US State Department connecting dots between conflict and COVID-19

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A man wearing protective gear sprays disinfectant at a quarantine center in Idlib province, Syria. Photo by: Khalil Ashawi / Reuters

WASHINGTON — The U.S. State Department is using its internal data platform to measure the impact COVID-19 is having on conflict around the world.

New data platform allows real-time conflict analysis at US State Department

An analytics platform developed by the Bureau of Conflict and Stabilization Operations gives the U.S. State Department centralized, direct access to conflict data to assess trends and conduct regular risk assessments.

Launched by the Bureau of Conflict and Stabilization Operations in September 2019, the Instability Monitoring and Analysis Platform — or IMAP — provides centralized, real-time data on conflict indicators. Santiago Stocker, director of CSO’s Office of Advanced Analytics, said using IMAP to monitor conflict trends as the coronavirus impacts life in every country around the world is “very new territory.”

“Because there’s been so few historical pandemics like this … we have maybe two data points in the last 100 years. So there’s not a robust body of empirical work that says, ‘This is how a global pandemic affects risks of conflict,’” Stocker said. “We needed to start tracking both COVID and conflict and try to identify emerging relationships and emerging trends, acknowledging of course that every context is different.”

So far, Stocker said reports being pulled from platform’s dashboards have not indicated any global trends for how COVID-19 is affecting conflict. This can still help shape how the U.S. reacts, Stocker said.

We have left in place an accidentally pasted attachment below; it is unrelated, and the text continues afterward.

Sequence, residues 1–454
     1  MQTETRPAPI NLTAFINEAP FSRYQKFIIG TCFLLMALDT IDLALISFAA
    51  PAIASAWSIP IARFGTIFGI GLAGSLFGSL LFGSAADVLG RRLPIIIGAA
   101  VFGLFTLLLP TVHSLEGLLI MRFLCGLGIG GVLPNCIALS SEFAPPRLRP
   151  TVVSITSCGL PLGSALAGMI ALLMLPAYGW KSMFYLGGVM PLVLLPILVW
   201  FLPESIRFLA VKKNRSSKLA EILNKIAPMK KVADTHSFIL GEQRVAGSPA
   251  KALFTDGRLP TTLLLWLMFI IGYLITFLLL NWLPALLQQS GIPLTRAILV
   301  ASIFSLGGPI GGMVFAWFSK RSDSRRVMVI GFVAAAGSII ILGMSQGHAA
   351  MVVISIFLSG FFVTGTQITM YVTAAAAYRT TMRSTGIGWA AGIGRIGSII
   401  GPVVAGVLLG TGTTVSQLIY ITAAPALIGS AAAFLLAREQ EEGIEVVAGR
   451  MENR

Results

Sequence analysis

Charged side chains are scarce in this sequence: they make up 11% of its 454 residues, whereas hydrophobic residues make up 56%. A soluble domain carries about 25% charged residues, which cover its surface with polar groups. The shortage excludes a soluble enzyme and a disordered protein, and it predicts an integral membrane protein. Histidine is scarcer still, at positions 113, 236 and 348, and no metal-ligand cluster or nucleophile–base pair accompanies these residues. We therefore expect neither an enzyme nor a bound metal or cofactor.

“This pandemic really underscores the need for better data and more data that is relevant to work of U.S. foreign policy.”

— Santiago Stocker, director, CSO’s Office of Advanced Analytics

“If you identify, say, a consistent pattern between COVID and increased terrorism, then that’s going to drive policy and programmatic decisions in one way. If you don’t identify that, then it’s going to drive those decisions in a different direction,” Stocker said.

However, there have been some consistent themes identified in countries where CSO has observed an uptick in conflict since the coronavirus pandemic began. Countries that are more repressive, less democratic, and less developed economically tend to be more prone to increased conflict, Stocker said. This is useful information as the department begins to prioritize action in areas where COVID-19 may be exacerbating conditions for conflict, he said.

“In particular, in places with a lot of contestation of territory and legitimacy with a lot of nonstate armed groups, there are a lot of concerns about how the redirection of government resources — particularly security force assets — towards the pandemic are potentially creating more space for these actors to operate,” Stocker said. “That’s been a particular area of concern.”